• Prices for European carbon permits will fall over the next two years, as sluggish economies see lower industrial output and emissions, analysts say.
  • Danish renewables firm Ørsted raised its full-year outlook but posted lower-than-expected quarterly earnings on weakness in its key offshore unit.

Supply Chain

Domestic Markets

  • The U.S. reported 68,994 new COVID-19 infections and 573 virus fatalities Thursday.
  • Pfizer started an early-stage study over whether it can make a vaccine that targets both COVID-19 and the flu.
  • Non-farm payrolls rose by a higher-than-expected 261,000 in October as the U.S. unemployment rate crept up to 3.7%. Average hourly earnings were up 4.7% year over year. 
  • U.S. holiday retail sales are poised to rise at a slower rate than last year, retail groups say.
  • U.S. banks are raising estimates for how much the Federal Reserve will ultimately raise interest rates, with current forecasts coming in above 5% by June 2023.
  • The U.S. trade deficit widened sharply in September to $73.3 billion, as a strong dollar and softening global demand weighed on exports.
United States Balance of Trade
United States Initial Jobless Claims
United States Factory Orders
  • U.S. mortgage rates fell back below 7% after three weeks of gains.
  • Both first-time and repeat U.S. homebuyers are now the oldest on record, the latest evidence that it’s increasingly difficult to buy a home.
  • U.S. homeowners continued to build their equity positions last quarter even as the housing market cooled, new figures show.
  • The outlook for tech industry jobs worsened Thursday, with Lyft and payments company Stripe both announcing major layoffs and Amazon saying it will freeze corporate hiring for months.
  • Morgan Stanley is set for a fresh round of global layoffs in the coming weeks as its dealmaking business suffers from worsening economic conditions.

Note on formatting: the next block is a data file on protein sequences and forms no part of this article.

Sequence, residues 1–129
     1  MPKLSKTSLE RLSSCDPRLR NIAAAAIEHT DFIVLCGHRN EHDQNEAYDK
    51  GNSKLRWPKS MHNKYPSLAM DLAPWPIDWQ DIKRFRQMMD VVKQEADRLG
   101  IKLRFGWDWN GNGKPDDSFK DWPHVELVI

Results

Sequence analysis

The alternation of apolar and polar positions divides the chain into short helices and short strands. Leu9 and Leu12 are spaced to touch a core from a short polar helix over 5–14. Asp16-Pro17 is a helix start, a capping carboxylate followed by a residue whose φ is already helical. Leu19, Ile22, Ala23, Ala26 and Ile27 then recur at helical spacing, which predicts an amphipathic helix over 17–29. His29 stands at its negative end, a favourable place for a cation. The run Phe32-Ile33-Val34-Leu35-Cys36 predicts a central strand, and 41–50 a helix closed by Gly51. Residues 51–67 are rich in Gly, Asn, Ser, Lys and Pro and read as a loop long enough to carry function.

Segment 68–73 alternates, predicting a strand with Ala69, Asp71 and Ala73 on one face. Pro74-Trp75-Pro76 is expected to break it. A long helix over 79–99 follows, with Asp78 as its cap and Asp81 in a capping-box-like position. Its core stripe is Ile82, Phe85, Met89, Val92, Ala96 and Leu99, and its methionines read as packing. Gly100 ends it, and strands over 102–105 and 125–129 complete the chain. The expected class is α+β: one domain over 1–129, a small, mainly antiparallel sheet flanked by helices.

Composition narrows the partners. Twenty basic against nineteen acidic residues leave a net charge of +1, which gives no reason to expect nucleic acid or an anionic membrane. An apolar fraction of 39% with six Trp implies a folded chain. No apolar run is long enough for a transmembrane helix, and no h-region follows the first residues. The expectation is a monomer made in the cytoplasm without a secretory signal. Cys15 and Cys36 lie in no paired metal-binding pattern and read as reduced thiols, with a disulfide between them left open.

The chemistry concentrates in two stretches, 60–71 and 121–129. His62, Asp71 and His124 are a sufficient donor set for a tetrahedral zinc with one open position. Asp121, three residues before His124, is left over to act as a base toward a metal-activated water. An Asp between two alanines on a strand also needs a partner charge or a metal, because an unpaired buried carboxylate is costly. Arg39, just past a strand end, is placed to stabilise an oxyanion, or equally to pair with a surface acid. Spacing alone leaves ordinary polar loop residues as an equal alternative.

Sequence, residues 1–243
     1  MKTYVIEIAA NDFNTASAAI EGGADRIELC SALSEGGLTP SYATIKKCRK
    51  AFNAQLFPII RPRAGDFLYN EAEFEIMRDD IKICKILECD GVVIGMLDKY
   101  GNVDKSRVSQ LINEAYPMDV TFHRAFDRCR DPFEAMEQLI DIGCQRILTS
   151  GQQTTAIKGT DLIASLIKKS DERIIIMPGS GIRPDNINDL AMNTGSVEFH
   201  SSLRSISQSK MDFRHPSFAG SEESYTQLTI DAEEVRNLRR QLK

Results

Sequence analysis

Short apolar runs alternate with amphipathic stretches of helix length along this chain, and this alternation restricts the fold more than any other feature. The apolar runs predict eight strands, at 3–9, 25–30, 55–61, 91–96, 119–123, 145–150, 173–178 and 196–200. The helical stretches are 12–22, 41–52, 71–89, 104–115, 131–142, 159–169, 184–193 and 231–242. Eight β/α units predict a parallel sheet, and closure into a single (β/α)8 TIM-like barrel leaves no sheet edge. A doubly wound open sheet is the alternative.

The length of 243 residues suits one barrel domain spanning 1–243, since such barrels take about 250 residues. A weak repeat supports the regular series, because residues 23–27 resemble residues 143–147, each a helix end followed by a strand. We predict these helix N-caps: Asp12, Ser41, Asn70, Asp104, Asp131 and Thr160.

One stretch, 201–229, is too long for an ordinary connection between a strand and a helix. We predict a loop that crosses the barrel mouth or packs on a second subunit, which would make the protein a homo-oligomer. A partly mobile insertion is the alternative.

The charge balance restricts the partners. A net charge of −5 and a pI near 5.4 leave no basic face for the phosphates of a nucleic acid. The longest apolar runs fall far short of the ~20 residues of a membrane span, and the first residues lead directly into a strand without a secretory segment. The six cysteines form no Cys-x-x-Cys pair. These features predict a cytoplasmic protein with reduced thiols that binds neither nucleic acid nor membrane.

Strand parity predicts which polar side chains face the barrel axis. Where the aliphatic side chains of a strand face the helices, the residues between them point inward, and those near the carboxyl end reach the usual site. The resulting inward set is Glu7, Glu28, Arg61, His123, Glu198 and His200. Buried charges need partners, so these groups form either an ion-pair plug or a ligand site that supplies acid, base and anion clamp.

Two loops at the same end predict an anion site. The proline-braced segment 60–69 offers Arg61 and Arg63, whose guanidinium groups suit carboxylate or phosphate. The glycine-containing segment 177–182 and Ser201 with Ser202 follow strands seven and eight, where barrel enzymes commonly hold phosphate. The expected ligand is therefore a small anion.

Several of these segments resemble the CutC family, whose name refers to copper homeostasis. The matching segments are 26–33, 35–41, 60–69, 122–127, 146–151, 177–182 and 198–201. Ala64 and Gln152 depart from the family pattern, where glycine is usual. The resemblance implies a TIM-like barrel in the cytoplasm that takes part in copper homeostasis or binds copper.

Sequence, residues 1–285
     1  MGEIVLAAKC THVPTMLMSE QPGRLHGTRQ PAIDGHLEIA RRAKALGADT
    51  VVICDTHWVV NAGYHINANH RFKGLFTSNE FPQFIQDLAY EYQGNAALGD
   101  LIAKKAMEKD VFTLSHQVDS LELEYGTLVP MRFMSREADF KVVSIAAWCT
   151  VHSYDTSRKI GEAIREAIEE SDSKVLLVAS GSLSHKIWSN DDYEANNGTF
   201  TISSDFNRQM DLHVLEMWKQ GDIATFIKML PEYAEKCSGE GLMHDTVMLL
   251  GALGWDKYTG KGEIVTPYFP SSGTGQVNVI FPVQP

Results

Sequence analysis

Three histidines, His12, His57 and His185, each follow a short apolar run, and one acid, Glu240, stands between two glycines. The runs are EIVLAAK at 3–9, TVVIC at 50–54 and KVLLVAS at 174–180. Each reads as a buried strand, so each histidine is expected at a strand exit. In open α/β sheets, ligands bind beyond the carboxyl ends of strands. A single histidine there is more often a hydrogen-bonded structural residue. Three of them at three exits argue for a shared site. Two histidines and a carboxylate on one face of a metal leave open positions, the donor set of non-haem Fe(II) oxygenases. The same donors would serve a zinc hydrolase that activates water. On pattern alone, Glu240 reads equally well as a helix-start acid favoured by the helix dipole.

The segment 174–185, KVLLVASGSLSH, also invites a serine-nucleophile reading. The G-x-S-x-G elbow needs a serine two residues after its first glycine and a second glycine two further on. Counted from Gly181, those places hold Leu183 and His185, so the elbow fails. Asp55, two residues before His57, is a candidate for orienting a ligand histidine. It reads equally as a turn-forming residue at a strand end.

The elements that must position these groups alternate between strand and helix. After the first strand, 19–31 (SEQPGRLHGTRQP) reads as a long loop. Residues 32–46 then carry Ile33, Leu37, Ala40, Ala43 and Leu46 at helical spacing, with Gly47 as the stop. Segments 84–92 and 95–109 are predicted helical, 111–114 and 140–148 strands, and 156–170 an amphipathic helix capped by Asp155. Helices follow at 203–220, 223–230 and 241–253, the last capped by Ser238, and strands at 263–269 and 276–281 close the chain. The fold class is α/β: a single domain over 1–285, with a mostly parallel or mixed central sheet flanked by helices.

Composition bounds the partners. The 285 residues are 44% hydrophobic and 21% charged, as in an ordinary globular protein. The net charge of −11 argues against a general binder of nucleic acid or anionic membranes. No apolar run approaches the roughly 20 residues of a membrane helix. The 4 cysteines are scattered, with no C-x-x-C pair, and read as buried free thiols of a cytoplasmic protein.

• In the latest news from earnings season:
    • Moderna saw quarterly revenue fall 32% from the prior year as supply-chain issues hampered its COVID-19 vaccine deliveries.
    • Compared to the prior year, sales for Starbucks’ grew 3% in the third quarter, a quarterly record, while earnings fell 50%, beating estimates.
    • Higher product prices led Kellogg to a 9% sales gain in the third quarter.
    • Peloton’s quarterly sales fell 23% as challenges mount for the struggling fitness firm.
    • Online payments firm PayPal cut its growth forecast in anticipation of a broader economic downturn.
    • DoorDash beat forecasts with a 33% gain in revenue from a year earlier as consumers kept spending on delivery of food and household essentials.
    • Marriott joined its rival Hilton in raising its annual profit forecast on higher pricing and a strong rebound in leisure and business travel.
    • Cruise line Royal Caribbean says its bookings more than doubled from the second to the third quarter.
    • Shares of Tupperware Brands tumbled 41% Wednesday after the maker of food storage products missed quarterly estimates and warned its debt burden may put it out of business.
    • Aircraft lessors AirCap and Air Lease Corp are reporting better-than-expected results amid surprisingly strong air traffic.
  • Boeing expects to generate about $100 billion in annual sales by 2026.
  • State attorneys general are stepping up their legal challenges to Kroger’s $25 billion proposed acquisition of Albertsons, citing antitrust concerns.
  • California’s attorney general is investigating several plastic-bag makers over potentially misleading recycling claims.

International Markets